I recently purchased the referenced book (A Guide to Ukulele Chords) and noticed on page 46, under the subject "Learning the Fingerboard" E# is shown under fret 1 and Fb under fret 4. I'm confused? My understanding of the musical scales is that there are no sharp or flats between E and F and B and C since they are natural half steps. Am I wrong?
You are right that there is a natural half step between E and F and B and C. But - any one of the seven letters of the musical alphabet can be sharped or flatted. Even double flats and double sharps exist. These is needed for particular keys. And for the correct scale and chord spelling of particular scale and chord.
A good example is the key of C#, not a very common key but, all seven letters are sharped, C#, D#, E#, F#, G#, A#, B#, C#. The same would be true of Cb where all seven letters are flatted.
Scale theory states that a letter can not be skipped or repeated in seven note diatonic scales. The major scale is one of the diatonic scales and the basis for the major keys.
There are 12 notes in one octave but there are 15 keys. Three are "Enharmonic Equivalents". C#/Db, F#/Gb, B/Cb.
There is a little more to it than the above. But the bottom line is that there is E#, Fb, B# and Cb. There are called "Enharmonic Equivalents". Both E and Fb produce the same pitch.
The E is far more common than Fb and B more common than Cb. Sometimes they are even used when the correct notation would be the Fb for E or the Cb for B. This is done for ease of reading.
Here is a link to a UkuleleLessons that talks about Enharmonic Equivalents
Common Interval Notation
- is min when indicating chords. Also used to indication a flat as in C7-9
+ is Augmented in chords.
There is what I call Intervalic and Functional Notation of intervals and chord degrees. The confusion comes from mixing the two.
The relative interval notation uses negative numbers for falling intervals in semitones.
Lower upper note of any MAJOR interval 1/2 step.
Lower upper note of any PERFECT interval 1/2 step.
Lower upper note of any MAJOR interval 1 step.
The relative interval notation uses positive numbers to indicate rising intervals in semitones.
Raise upper note of any MAJOR or PERFECT interval 1/2 step.
- # (sharp sign)
- b (flat sign)
- maj (major)
- m (minor)
- dim (diminished)
- aug (augmented)
Been there - done that. Done with real jobs and don't like real jobs!
After surviving many downsizings and project eliminations I just when with what I've been doing since I was 9 or 10 years old. Just geting paid, but not lot for it now.
(Curt: This is a question I've seen posted few times on various forums. So, here is my take and answer.)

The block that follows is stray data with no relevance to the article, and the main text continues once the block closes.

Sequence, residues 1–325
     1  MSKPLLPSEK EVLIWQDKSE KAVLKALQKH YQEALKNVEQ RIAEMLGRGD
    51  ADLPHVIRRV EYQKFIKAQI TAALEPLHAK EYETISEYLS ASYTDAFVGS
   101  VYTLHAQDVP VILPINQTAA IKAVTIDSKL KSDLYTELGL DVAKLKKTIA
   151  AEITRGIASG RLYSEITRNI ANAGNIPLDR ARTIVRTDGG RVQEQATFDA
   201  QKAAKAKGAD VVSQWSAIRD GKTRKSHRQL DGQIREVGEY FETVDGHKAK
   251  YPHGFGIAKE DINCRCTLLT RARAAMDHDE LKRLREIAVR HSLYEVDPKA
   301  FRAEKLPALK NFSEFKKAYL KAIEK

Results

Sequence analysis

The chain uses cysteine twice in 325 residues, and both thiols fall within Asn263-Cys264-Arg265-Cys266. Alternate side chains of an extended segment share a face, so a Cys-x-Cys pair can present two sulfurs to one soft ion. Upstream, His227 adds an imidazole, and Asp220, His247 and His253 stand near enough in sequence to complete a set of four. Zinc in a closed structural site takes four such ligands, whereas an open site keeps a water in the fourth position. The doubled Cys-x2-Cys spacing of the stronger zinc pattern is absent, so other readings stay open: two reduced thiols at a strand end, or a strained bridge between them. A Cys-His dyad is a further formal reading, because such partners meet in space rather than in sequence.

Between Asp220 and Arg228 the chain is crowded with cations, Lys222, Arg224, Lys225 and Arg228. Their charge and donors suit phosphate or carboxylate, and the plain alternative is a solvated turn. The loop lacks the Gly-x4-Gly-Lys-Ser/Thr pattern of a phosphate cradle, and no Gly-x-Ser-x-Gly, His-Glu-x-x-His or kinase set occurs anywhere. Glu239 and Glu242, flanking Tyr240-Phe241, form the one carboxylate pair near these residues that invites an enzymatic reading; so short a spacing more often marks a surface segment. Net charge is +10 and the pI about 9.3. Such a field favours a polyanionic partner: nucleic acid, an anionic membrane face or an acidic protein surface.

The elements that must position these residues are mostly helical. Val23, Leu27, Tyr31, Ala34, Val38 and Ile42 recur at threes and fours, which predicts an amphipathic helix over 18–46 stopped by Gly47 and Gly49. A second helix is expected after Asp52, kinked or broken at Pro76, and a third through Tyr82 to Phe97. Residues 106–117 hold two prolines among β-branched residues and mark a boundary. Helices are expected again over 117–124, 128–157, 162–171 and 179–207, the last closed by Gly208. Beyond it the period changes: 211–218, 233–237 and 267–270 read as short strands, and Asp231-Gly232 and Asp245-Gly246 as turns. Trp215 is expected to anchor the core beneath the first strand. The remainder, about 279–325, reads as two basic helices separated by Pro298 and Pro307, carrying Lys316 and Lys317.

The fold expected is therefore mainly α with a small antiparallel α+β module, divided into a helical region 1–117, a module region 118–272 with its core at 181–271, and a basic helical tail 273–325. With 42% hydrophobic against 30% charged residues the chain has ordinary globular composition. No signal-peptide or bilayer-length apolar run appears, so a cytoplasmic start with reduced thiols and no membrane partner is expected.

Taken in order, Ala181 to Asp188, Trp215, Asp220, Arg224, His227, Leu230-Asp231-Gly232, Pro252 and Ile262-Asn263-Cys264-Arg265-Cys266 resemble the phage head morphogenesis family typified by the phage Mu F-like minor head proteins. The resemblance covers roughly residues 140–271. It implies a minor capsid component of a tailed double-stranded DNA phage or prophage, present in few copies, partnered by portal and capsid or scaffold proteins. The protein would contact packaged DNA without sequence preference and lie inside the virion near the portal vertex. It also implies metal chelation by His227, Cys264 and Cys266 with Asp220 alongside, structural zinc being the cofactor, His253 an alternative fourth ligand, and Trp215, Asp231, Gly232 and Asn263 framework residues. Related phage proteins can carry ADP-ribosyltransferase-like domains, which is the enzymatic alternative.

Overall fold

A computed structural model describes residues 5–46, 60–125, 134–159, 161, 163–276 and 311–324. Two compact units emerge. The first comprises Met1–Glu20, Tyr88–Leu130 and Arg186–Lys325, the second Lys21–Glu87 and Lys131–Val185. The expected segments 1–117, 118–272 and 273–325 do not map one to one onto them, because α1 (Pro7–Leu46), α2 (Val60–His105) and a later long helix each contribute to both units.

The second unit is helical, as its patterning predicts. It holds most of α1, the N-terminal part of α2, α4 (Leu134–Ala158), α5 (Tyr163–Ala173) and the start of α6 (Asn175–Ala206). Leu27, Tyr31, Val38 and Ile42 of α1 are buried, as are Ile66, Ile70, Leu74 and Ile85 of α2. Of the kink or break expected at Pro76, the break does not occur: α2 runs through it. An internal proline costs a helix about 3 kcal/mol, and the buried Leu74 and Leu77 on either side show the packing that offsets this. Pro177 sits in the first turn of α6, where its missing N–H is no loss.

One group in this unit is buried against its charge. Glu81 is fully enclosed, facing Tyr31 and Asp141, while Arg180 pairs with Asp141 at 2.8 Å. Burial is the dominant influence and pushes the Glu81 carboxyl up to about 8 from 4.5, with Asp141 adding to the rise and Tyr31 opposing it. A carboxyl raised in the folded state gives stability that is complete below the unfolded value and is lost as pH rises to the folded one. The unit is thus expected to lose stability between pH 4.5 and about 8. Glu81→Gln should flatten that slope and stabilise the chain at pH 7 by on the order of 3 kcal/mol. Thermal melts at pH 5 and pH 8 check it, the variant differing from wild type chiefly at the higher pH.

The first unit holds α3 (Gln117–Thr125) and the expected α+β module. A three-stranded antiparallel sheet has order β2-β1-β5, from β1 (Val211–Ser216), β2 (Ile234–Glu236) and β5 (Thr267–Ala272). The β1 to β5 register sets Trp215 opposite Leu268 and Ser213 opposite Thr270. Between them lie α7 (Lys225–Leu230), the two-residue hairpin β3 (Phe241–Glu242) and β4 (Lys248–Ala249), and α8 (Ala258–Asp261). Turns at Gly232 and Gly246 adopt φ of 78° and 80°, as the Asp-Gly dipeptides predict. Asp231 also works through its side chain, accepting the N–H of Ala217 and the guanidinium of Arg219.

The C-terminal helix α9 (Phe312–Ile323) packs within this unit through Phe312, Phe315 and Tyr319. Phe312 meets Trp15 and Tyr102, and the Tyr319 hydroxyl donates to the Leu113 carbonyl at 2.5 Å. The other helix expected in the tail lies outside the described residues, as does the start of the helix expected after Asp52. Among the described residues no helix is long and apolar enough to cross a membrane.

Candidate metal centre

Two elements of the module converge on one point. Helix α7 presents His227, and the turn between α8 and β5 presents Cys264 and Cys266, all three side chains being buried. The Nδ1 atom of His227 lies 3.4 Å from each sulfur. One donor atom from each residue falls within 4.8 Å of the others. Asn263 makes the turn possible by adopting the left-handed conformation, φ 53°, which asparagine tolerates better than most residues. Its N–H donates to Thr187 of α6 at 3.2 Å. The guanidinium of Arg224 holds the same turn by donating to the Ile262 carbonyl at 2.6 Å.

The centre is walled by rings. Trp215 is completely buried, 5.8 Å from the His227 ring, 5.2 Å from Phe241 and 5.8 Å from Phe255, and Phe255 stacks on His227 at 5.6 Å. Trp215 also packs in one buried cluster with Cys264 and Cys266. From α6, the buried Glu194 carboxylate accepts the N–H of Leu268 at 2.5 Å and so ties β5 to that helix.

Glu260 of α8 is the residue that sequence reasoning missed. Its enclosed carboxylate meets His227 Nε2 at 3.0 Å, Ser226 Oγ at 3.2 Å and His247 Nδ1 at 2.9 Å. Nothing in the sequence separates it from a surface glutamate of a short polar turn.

C#dim7 is the same as A7b9/C# which is a sub for A7 which is a Sub for Am7 which is a sub for Am. A VI7 for a VI. Same root different chord type. More detailed explanation below.
The C#dim7 is what is called a disguised secondary dominant chord. It's a substitute for A7b9/C# which are the same notes as C#dim7 and would be a sub for the Am, Am7, the VI chord. The A7 is a V of II, A7 to Dm7, a common sub for the VI in a I VI II V progression. The basic progression is a I VI II V (C Am Dm G). Jazz players with use subs to "jazz" it up. Sometimes going pretty far out. Em7 Eb7 Dm7 Db7 would be a sub for C Am Dm G. When the subs get pretty far out all players have to agree on the chord progression. If you did Cmaj7 Am9 Dm11 G13 for C Am Dm G you wouldn't have to tell other players, it would work.
If A7b9/C# was indicated, chances are the b9 would be ignore by most players and they would play a straight A7 ignoring the C# slash chord indication for the bass note of the chord. So, to get have A better chance of having the voicing of the chord you want played, you write C#dim7 and have a way better chance of getting the ascending bass line of C, C#, D. The C#dim7 is an enharmonic equivalent for A7b9/C#.
The ukulele in the re-entrant tuning doesn't have much of, or any bass notes to speak of. But, if using voice leading in your chords you'll get a nice line inside the chords.
Voice leading at it's simplest is keeping common chord tones (notes) between chords the same and move non-common chords tones to the closest chord tone of the next chord. This creates really smooth chord movement. Also, means you need to know a lot of chord voicings to have this work.
All of the above is the process called Harmonic Analysis, that includes identifying the root movement and harmonic function of chords. Knowing how a chord functions in a song or progression allows you to select appropriate scales for solos and chord substitutions. You're not stuck with what's on the paper and it takes the mystery out of where all these wacky chords are coming from. Even allows you to spot bad notation. I've seen cases where publishers and writers actually make the progression's notation more complex because they don't understand how chords work together. Al lot of times it's to avoid slash notation, but makes it hared to play.